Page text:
Jim Cooper pulled the work tickets off the spindle with his truck’s number on it.
Looking through them he noticed an epidemic of sewage lift stations in-op.
Jim poked his head into the office and asked “Hey, Debbie, what is the deal with all the lift stations?”
Debbie shook her head and then tapped on her keyboard. The “cans” or lift stations communicated wirelessly to the dispatch system. “Both pumps are tripping out on thermal-overloads.”
Then, checking a few more “Same with the others.”
Jim grunted. There had been a spate of faults earlier when the voltage had drooped and the three-phase motors had been slow to spin up but he had only seen a few thermal-overloads in his career. For one thing, the pumps were submerged in waste-water (sewage to civilians) which kept them cool. For another, centrifugal pumps only had to overcome inertia when spinning up as they didn’t see much pumping load until the rpm were up.
Pretty much the only thing that would cause a thermal overload was a locked rotor and the pumps were designed to make that almost impossible.
The vanes on the impeller were beefy and had ample clearance to the inlets in the housing. The inlets faced downward so vandals could not drop rebar down the hole and potentially spear the impeller.
Furthermore, there were always two pumps and pump motors “in the hole”. They alternated pumping to even out the hours in the unit and they had a back-up emergency mode when one pump could not keep up. Losing two pumps in one can was unheard of. To have them failing across the service area, wholesale was unheard of.
Jim reflected on how his job had changed in the last twenty-eight years.
Jim didn’t even have a high school diploma. The City had taken him on as long as he got his GED in the first year.
“Cans” used to be a small part of what sewer workers had to deal with but that changed as the EPA regs put pressure on the smaller towns in the metro area. It was just easier and more economical to pipe it to the City waste-water treatment plant than to keep up-grading the host of small ones.
Runs of pipe that had been slightly more than a mile and had their vertical drop enhanced by the valley the City was nestled within now stretched twenty miles in every direction. There was not enough vertical drop to push the high-solids waste-water that far, and that is where the ‘cans’ or lift stations came in. It was far cheaper to add "cans" than to dig up now-undersized pipe and replace with larger.
As the number and complexity of the ‘cans’ increased, it made sense to have one person specialize in them, and that guy was Jim.
Pulling up the U-shaped drive of the first “can” on his list Jim immediately noticed that the cover of the “can” was askew. Jim parked fifty feet from the “can” even though he knew to within a couple of feet where the walls of the vault were. The last thing Jim wanted was to have the truck fall through the reinforced, concrete cap and tumble down, into the thirty-foot deep vault. Water under pressure does funny things and he had seen vaults where the fill around the walls had washed away.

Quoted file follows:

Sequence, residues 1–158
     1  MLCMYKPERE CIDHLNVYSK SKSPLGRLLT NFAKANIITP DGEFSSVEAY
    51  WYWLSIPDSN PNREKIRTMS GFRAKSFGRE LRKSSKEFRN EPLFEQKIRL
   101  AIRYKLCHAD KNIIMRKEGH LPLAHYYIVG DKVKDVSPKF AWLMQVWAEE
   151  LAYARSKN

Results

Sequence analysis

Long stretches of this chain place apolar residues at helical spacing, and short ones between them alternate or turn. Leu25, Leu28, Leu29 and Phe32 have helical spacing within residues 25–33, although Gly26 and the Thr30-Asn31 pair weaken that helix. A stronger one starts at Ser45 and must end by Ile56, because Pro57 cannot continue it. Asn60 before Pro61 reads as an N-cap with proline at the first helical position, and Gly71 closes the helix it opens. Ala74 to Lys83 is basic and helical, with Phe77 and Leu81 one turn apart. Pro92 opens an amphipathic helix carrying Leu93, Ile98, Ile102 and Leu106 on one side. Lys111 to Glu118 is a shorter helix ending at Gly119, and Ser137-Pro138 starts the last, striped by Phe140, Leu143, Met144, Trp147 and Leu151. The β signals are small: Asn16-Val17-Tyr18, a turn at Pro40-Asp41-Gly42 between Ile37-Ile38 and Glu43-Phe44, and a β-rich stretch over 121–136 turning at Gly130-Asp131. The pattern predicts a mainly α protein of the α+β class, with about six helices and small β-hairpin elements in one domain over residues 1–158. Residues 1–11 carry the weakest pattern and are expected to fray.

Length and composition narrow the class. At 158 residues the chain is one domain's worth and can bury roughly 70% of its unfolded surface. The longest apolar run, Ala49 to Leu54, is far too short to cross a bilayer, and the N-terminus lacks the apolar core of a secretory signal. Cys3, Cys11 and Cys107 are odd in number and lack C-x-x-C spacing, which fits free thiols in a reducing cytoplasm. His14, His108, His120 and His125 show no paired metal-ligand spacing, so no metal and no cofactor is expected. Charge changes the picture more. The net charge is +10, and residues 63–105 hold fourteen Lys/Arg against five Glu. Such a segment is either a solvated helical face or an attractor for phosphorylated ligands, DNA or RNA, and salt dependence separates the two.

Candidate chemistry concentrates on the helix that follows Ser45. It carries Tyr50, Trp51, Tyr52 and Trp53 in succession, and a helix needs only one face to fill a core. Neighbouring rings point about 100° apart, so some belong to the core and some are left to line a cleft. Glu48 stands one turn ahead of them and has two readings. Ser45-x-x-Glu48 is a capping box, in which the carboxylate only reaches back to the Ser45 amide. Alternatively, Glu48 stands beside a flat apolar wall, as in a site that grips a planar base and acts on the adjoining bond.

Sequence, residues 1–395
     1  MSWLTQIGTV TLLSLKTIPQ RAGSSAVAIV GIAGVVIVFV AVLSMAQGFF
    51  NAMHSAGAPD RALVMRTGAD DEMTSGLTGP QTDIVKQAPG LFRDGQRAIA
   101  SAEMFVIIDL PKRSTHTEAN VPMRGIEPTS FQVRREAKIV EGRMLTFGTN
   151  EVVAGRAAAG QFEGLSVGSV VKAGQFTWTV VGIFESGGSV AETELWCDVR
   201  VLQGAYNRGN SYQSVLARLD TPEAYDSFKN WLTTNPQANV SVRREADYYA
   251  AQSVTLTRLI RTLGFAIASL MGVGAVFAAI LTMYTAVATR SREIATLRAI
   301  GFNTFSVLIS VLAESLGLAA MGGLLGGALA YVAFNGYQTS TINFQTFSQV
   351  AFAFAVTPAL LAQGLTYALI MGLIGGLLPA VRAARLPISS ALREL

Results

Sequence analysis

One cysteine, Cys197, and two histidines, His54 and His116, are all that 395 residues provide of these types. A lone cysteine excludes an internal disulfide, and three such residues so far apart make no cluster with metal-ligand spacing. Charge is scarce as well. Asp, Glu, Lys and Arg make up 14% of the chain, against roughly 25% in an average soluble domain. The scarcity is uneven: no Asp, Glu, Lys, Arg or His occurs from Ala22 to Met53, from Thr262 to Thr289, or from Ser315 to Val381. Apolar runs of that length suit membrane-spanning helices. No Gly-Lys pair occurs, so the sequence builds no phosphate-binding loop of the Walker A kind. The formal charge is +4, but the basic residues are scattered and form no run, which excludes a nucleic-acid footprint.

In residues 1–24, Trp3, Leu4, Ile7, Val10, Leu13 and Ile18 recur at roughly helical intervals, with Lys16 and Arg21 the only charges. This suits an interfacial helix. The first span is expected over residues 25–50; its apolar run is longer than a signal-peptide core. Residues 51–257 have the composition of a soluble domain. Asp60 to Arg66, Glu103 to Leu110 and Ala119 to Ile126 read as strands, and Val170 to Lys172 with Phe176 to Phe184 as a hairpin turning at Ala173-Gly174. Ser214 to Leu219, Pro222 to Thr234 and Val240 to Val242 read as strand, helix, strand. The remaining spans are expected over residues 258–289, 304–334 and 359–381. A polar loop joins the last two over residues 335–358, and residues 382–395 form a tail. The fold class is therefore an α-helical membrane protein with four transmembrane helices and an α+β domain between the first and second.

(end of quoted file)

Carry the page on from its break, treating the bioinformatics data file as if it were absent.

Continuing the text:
Jim could walk fifty feet.
Stepping around to the back of the truck he put on his vest, life-line and BA-Light. It takes a lot of lumens to punch down into the stygian depths of the vault and make out details when everything is covered with human feces.
Jim could smell the raw sewage from the truck. It was not a false alarm.
Shining his light through the gaping void where the bent-up cover didn’t meet the riser, Jim could see the waste-water within six feet of the ground. The City had been the recipient of Federal money to separate their storm and sanitary drains. Unfortunately, it was not possible to find every place where the two interconnected. Recent rains had increased the sanitary load immensely.
There was some unusual trash next to the side of the can. Jim might have had a shitty job but he was fussy about some things, trip hazards for one.
Jim picked up the trash and was carrying it toward his truck when he heard the sound of gunfire. That was unusual but not rare in this part of town. What was unusual is he could hear the impacts of the rounds on his truck and hear them “SPOINGING” off as they ricocheted.
“SON OF A BITCH!” Jim hollered.
He dived into the driver’s seat, fired up the rig and floored the gas pedal.
Calling in as he raced back to HQ, he informed Debbie about what had just happened.
Getting back to the office, his boss directed him to go back and start fixing “cans”.
“Mebbey if you give me a bunch of cops” Jim said.
“Ain’t gonna happen” his boss told him.
“Then I just retired” Jim said as he threw the piece of trash he had picked up on top of the boss's desk.
“What is that?” the boss asked looking at the oak 2”-by-3”s that had been lashed together with wire to make a 12” long 4”-by-3”. By the look of the boards they had once been the bottom skids of an industrial pallet.
“That is what done it” Jim said. “Probably enough wire wrapped on that to make it sink slow to the bottom. The pump sucks it in on start-up and it jams the impeller to the housing.”
Jim turned and walked away. He could have retired after 25 years but was hanging on for another five to pay off the single-wide down in Kentucky where he and Suzy were gonna move.